Peng Yin, Harry M.T. Choi, Colby R. Calvert, Niles A. Pierce
Nature, 451:318-322, 2008
Downloads: PDF, 6 pages.
In nature, self-assembling and disassembling complexes of proteins and nucleic acids bound to a variety of ligands
perform intricate and diverse dynamic functions. In contrast, attempts to rationally encode structure and function
into synthetic amino acid and nucleic acid sequences have largely focused on engineering molecules that
self-assemble into prescribed target structures, rather than on engineering transient system dynamics. To
design systems that perform dynamic functions without human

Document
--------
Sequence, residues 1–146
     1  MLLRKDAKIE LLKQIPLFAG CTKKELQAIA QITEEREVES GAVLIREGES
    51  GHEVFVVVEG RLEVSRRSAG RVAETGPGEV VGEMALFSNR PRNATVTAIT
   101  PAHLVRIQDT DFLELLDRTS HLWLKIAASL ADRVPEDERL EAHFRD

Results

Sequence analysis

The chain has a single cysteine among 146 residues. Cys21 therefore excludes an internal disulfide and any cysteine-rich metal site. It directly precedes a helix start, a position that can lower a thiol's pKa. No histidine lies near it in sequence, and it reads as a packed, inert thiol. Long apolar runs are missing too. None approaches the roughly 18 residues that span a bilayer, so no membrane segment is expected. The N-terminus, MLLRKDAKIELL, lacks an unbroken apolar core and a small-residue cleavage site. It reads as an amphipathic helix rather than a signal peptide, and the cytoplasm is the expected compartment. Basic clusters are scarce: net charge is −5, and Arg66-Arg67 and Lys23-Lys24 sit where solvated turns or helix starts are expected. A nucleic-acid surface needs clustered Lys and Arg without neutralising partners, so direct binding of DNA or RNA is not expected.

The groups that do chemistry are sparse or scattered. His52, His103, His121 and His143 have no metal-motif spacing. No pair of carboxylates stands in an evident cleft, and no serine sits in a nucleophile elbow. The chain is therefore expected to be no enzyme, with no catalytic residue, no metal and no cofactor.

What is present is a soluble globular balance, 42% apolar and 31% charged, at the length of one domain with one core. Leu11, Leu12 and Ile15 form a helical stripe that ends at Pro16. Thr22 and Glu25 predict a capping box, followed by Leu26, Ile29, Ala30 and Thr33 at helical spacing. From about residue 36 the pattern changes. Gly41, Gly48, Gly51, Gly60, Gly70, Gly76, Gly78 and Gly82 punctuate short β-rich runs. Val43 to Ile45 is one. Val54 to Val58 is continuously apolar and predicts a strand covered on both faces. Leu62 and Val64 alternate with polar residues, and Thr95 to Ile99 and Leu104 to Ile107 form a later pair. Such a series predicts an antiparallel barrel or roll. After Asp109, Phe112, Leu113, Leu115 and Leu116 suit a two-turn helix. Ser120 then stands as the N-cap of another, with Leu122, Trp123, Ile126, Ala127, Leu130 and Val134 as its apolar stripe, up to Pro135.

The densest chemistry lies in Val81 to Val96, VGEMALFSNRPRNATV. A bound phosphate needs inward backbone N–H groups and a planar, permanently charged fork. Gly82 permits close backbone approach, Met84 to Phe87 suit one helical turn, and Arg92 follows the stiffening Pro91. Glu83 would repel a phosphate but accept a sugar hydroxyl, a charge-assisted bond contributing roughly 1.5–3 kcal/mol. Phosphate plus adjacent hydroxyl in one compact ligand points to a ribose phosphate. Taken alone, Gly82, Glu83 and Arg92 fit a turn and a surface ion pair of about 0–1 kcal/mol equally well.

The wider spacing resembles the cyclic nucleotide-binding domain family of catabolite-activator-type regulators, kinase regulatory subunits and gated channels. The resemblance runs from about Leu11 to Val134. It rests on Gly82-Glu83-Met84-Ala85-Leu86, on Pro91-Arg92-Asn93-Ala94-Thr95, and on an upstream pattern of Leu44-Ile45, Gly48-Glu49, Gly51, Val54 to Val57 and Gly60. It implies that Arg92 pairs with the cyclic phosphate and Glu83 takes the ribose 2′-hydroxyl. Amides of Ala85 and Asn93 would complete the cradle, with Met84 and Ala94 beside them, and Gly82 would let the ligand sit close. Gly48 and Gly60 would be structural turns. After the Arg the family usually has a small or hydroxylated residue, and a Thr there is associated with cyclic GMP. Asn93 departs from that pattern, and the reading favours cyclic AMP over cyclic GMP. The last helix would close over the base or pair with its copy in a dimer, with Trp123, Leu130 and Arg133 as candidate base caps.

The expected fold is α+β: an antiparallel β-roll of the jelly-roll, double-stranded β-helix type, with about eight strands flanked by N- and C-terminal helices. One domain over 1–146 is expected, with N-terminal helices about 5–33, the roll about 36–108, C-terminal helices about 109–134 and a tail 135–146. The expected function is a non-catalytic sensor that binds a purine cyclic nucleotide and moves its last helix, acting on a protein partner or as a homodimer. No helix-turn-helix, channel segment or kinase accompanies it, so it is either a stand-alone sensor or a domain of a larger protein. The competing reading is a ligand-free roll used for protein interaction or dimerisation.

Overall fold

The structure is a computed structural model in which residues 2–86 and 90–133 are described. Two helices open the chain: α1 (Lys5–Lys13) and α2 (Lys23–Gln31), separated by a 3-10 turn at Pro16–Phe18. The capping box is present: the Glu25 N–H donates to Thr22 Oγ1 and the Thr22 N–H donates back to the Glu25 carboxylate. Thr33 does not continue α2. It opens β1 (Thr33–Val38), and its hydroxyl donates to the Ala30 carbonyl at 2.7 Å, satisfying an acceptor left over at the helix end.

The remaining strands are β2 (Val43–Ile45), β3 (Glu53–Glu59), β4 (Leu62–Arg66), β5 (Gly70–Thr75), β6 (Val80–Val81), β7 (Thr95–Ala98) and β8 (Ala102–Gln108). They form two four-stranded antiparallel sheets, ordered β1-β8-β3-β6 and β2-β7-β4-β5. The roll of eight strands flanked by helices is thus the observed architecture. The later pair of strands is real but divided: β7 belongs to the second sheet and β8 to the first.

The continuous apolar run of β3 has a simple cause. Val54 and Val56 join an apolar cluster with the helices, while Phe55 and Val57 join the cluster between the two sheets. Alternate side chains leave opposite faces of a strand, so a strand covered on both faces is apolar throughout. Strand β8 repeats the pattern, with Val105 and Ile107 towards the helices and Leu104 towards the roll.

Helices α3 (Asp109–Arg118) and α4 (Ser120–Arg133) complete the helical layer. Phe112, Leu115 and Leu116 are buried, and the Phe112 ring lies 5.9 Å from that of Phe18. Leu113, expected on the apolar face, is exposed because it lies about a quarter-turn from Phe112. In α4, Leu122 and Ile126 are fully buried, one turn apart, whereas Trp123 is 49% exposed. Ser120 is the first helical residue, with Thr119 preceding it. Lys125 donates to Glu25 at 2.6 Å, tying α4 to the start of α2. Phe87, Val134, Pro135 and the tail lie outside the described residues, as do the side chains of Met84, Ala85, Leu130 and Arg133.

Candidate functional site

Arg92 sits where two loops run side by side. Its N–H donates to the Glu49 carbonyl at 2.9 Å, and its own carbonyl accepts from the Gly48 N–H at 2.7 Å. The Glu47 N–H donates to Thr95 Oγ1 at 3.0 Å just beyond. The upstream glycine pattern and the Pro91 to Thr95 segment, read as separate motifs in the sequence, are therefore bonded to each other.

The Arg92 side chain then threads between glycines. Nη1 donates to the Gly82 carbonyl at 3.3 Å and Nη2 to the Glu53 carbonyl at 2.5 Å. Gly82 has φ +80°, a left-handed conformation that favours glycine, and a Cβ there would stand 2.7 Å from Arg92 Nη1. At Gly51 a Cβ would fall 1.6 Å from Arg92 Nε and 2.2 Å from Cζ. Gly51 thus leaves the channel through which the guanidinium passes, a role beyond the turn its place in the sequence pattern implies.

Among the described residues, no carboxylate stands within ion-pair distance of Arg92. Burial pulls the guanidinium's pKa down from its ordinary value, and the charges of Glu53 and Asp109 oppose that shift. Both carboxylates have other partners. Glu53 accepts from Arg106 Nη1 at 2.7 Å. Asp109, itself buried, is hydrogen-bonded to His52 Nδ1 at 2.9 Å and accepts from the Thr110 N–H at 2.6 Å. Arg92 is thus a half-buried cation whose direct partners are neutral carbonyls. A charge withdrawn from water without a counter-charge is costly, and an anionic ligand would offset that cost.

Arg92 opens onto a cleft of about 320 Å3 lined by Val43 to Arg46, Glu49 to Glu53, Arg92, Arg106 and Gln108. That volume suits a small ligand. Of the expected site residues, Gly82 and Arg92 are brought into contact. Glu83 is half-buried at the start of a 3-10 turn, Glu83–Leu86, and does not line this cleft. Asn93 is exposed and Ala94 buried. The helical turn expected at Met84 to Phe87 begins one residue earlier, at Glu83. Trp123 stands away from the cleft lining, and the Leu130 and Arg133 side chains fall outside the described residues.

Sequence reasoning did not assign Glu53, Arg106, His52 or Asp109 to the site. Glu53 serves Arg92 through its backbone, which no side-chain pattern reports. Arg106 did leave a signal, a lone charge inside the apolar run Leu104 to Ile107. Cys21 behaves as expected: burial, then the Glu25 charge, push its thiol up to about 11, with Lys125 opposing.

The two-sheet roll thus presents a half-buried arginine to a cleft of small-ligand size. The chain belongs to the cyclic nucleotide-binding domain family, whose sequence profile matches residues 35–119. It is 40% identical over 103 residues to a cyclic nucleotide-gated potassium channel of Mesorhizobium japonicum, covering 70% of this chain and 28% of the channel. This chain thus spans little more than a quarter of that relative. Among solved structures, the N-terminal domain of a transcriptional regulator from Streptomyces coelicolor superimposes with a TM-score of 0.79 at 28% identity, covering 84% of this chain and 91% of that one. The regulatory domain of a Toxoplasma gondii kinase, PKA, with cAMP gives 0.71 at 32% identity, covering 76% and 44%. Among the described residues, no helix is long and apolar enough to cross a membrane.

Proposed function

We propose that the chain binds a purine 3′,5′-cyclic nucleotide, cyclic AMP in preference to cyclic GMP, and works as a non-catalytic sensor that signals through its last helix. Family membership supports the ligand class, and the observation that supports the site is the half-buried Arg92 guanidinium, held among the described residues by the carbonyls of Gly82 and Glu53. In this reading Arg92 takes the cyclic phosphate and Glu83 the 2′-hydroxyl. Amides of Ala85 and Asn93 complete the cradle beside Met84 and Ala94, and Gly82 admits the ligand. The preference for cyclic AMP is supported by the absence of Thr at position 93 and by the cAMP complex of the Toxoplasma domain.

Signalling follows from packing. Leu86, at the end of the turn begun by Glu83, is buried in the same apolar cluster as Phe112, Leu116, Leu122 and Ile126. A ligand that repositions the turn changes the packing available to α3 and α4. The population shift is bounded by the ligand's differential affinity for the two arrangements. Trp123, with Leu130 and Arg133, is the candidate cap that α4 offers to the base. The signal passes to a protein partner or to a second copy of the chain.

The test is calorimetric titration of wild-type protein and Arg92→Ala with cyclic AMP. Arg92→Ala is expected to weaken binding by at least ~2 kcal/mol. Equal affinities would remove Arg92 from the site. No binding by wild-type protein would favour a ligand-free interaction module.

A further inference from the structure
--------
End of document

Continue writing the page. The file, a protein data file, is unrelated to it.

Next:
intervention, it is necessary to encode within the biopolymer
sequences the reaction pathways by which self-assembly occurs.
Nucleic acids show promise as a design medium for engineering
dynamic functions, including catalytic hybridization, triggered
self-assembly and molecular computation. Here, we program
diverse molecular self-assembly and disassembly pathways using a
â€˜reaction graphâ€™ abstraction to specify complementarity relationships
between modular domains in a versatile DNA hairpin motif. Molecular programs are executed for a variety of dynamic
catalytic formation of branched junctions, autocatalytic duplex formation by a cross-catalytic circuit, nucleated
dendritic growth of a binary molecular â€˜treeâ€™, and
autonomous locomotion of a bipedal walker.
Supplementary material:PDF, 50 pages
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